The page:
Levendula ház can teach a lot to every kid about the flora, fauna and geography of Tihanyi-félsziget. Plus, this museum is interactive, straight to the point, so you won't bore your kids with the eating and procreating habits of different birds. While the kids are having fun, mom can buy lavender cosmetics and dad can enjoy a refreshing glass of lavender juice instead of a beer. It is more than recommended for families who love nature.

When we first heard the name of Levendula Ház (meaning Lavender House), the scene of a Disney movie popped into our mind automatically: a poor girl must be locked inside a building covered with lavender bushes. The whole thing must be purple and girly at least. Levendula Ház proved us wrong on many levels though. It is located only a few minutes away from the city center in Major Street, parallel to Tihany's main street right on the shore of Belső-tó.
There is no princess here, the building is snow white and we didn't have to cut through he bushes with a machete either.
Luckily, the lavender plants for sale made sure that we came to the right place. The museum smells like a teenage girl's room who threw out her stuffed toys to make room for her makeup set, but she kept a few David Beckham posters on the wall. No wonder: the interior of a house full of lavenders has to be purple and white.

The exhibition consists of a screening room and a big room with an even bigger headroom. The huge room is divided into two parts: the first is about the geography and biology of Balaton-felvidék and the second is about the history of Tihany's lavender fields. Lavender is originally a Mediterranean plant, right? Then what does Hungary have to do with lavender?

Master and lavender

Marianna Küsz, the manager of Levendula Ház told us the lavender was brought here from the enormous lavender fields of France. She said, that the Hungarian lavender is considered nowadays as good as the French mass product from Provence. It sounds like another story when the young Anakin Skywalker grows up to Lord Vader and defeats his old master, Obi-Wan Kenobi.

In the planning phase of Levendula ház the managers went to visit the French version of the museum. Instead of collecting ideas it was a trip when everyone could see which the wrong direction was. The French exhibition proved to be boring, as only ancient tools and methods of lavender growing  were shown to the dbo. It can't really catch people's attention in a world where we are surrounded by Youtube clips and cooler than cool apps.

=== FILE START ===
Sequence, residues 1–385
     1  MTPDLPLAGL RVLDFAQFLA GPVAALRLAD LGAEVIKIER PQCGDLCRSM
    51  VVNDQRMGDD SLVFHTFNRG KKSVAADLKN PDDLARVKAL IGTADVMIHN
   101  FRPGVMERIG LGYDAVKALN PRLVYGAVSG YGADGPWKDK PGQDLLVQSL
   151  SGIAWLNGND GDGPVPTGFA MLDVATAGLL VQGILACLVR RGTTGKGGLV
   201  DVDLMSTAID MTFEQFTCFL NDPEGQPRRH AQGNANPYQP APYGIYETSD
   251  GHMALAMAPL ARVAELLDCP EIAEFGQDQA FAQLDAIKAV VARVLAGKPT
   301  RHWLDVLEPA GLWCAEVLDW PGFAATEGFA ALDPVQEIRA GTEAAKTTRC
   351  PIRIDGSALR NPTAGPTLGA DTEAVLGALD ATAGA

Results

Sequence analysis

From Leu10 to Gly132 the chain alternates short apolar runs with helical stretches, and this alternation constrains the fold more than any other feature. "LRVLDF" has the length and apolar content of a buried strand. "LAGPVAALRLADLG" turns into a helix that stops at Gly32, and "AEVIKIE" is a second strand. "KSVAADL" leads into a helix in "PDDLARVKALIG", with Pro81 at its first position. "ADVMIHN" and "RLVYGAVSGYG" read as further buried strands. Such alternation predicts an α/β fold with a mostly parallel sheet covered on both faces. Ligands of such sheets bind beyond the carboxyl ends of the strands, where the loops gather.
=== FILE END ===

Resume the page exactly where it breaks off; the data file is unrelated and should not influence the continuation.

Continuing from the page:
The good thing about this museum in Tihany is that it doesn't get stuck on the lavender field, but it gives a detailed image about Balaton-felvidék's natural attributes. So if you were sick when the topic was "snowball earth" or the stromatolites in geography class, it's about time to fill the gaps.

European connection

No wonder Tihany is the nature lovers' Mecca, because this environment is really comforting. The bureaucrats of Brussels noticed this unique green area, too. In 2003 the European Union awarded the European Diploma of Protected Areas to Tihanyi-félsziget. It means Tihany is equally valuable as the Maritine Alps or the Peak District National Park in the UK - the scene of many British movies.

Basically the European Diploma was the reason for building Levendula Ház. The eight pending years between the diploma and the opening of the museum shows a good example of Hungarian pace, but the quality of the exhibition is quite impressive.

Interactive playground

Unlike in the old-fashioned French museum, anyone can find fun activities here. You have to find the animals' home in the forest - which sounds easy, but once you get started, you realize how hard it is -, you can cross a simulated swamp on a gym mattress, or you can observe the dry aquarium under our feet. At least it will turn out what kind of fishes are swimming around us when we're hitting the waves with the hydrocumbent paddle boat.

Levendula Ház plays an important role in the students' education as well since this place is a member of the Forest School program. It gives clear answers to urban legends, whether Balaton was the remain of the Pannonian Sea, and are volcanic eruptions expected in Hungary in the near future? After spending some time in this museum/playground, the kids might recognize a kingfisher, a water frog or a western marsh harrier. There's a good chance for that if they take a walk on the pier on the shore of Belső-tó, because the picture of each protected animal is exhibited there.

You will only miss Richard Attenborough here, because sometimes it feels like he is the one behind this whole exhibition.

Dad and the lavender